adult dose, with two injections given three weeks apart.
“As a mother and a physician, I know that parents, caregivers, school staff and children have been waiting for today’s authorization. Vaccinating younger children against COVID-19 will bring us closer to returning to a sense of normalcy,” Acting FDA Commissioner Dr. Janet Woodcock says in an agency statement announcing the approval on Friday. “Our comprehensive and rigorous evaluation of the data pertaining to the vaccine’s safety and effectiveness should help assure parents and guardians that this vaccine meets our high standards.”
At the time, infectious disease experts welcomed the approval.
“It’s an incredibly important tool in the return to normalcy,” Dr. Larry Corey, a virologist at the Fred Hutchinson Cancer Research Center in Seattle and a leader of the COVID-19 Prevention Network, tells the New York Times. “To be able to know that your child is protected and not going to get severely ill by going to school is an incredible psychological relief.”
The panel’s tough decision
Earlier last week, the FDA’s vaccine advisory panel voted to recommend the approval. The vote was nearly unanimous at 17-0, with one abstention.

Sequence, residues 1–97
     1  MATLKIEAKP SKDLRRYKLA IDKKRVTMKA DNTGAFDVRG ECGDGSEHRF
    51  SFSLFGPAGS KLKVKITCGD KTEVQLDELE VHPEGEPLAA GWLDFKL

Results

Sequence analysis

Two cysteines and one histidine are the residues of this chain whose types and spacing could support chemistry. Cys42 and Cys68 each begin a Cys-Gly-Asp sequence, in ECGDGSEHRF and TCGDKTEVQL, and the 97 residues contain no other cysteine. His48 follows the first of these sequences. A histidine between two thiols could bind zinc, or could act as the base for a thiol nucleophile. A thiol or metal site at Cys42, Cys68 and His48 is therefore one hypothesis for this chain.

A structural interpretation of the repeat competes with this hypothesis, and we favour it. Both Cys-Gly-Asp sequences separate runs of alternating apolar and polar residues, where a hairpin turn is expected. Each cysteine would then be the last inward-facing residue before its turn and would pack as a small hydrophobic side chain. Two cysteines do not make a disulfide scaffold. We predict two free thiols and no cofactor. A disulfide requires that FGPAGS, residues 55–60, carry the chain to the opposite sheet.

Despite the vote count, some panel members noted at the time that they struggled with the decision.
“This is a much tougher one, I think, than we had expected coming into it,” panel member Dr. Eric Rubin, editor-in-chief of the New England Journal of Medicine, said during the meeting. “The data shows that the vaccine works and it’s pretty safe … [yet] we’re worried about a side effect that we can’t measure yet,” he said, referring to a heart condition called myocarditis that has cropped up in rare cases in some younger recipients of COVID vaccines.
Another panel member questioned whether the vaccinations were needed at all for these youngest Americans.
“It just seems to me that in some ways, we’re vaccinating children to protect the adults, and it should be the other way around,” committee member Dr. James Hildreth, president and CEO of Meharry Medical College in Tennessee, tells NBC. “I do believe that children at highest risk do need to be vaccinated. But